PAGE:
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The counterculture of the 1960s refers to an anti-establishment cultural phenomenon that developed first in the United States and the United Kingdom, and then spread throughout much of the Western world between the early 1960s and the mid-1970s, with London, New York City and later San Francisco being hotbeds of early countercultural activity. The aggregate movement gained momentum as the African-American Civil Rights Movement continued to grow, and became revolutionary with the expansion of the US government's extensive military intervention in Vietnam.

As the 1960s progressed, widespread social tensions also developed concerning other issues, and tended to flow along generational lines regarding human sexuality, women's rights, traditional modes of authority, experimentation with psychoactive drugs, and differing interpretations of the American Dream.

As the era unfolded, new cultural forms and a dynamic subculture which celebrated experimentation, modern incarnations of Bohemianism, and the rise of the hippie and other alternative lifestyles, emerged. This embracing of creativity is particularly notable in the works of British Invasion bands such as the Beatles, and filmmakers whose works became far less restricted by censorship. In addition to the trendsetting Beatles, many other creative artists, authors, and thinkers, within and across many disciplines, helped define the counterculture movement.

Several factors distinguished the counterculture of the 1960s from the anti-authoritarian movements of previous eras. The post-World War II "baby boom" generated an unprecedented number of potentially disaffected young people as prospective participants in a rethinking of the direction of American and other democratic societies. Post-war affluence allowed many of the counterculture generation to move beyond a focus on the provision of the material necessities of life that had preoccupied their Depression-era parents. The era was also notable in that a significant portion of the array of behaviors and "causes" within the larger movement were quickly assimilated within mainstream society, particularly in the US.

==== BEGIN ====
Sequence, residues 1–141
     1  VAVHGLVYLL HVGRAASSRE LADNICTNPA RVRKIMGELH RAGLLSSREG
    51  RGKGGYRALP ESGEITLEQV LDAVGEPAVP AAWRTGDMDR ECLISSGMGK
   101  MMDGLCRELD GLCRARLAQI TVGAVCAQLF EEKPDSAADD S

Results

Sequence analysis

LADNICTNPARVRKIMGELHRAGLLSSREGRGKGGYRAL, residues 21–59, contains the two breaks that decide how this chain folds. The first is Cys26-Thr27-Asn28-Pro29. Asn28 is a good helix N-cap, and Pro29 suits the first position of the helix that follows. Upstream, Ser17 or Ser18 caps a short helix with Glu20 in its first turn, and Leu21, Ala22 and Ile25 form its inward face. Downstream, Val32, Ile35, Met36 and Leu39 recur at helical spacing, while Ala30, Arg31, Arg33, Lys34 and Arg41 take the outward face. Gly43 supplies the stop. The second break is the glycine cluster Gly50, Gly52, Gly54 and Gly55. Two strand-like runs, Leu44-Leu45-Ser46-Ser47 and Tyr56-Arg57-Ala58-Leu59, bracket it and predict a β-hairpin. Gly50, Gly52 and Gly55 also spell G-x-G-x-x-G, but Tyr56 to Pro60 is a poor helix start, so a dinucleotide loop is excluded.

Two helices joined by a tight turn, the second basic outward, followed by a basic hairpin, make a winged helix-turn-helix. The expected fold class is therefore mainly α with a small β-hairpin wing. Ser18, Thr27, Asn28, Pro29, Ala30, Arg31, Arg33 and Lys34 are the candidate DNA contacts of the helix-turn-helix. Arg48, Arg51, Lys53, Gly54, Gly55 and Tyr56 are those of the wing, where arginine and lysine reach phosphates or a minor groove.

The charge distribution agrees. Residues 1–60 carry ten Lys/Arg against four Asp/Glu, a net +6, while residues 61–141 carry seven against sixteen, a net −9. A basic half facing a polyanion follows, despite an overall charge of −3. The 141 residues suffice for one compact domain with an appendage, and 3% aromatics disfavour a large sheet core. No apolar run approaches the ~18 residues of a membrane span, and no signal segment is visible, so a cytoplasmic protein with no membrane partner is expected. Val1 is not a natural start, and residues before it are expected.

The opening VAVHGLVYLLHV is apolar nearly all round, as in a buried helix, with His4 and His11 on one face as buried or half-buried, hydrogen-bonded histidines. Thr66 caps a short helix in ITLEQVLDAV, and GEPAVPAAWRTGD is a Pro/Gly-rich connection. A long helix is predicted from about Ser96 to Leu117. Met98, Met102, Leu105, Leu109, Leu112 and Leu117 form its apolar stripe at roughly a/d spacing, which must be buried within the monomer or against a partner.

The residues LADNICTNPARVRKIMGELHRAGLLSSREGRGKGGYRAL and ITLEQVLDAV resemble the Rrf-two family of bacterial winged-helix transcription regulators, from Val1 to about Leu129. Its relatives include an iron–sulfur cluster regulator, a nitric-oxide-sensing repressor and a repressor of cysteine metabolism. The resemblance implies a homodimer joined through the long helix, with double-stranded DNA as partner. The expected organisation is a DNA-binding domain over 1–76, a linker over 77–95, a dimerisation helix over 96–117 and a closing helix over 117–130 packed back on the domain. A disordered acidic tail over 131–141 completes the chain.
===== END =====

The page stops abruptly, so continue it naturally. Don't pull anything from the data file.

The counterculture era essentially commenced in earnest with the assassination of US President John F. Kennedy. It became absorbed into the popular culture with the termination of US combat military involvement in the communist insurgencies of Southeast Asia and the end of the draft in 1973, and ultimately with the resignation of President Richard M. Nixon in August 1974.

Many key movements were born of, or were advanced within, the counterculture of the 1960s. Each movement is relevant to the larger era. The most important stand alone, irrespective of the larger counterculture.

In the broadest sense, 1960s counterculture grew from a confluence of people, ideas, events, issues, circumstances, and technological developments which served as intellectual and social catalysts for exceptionally rapid change during the era.


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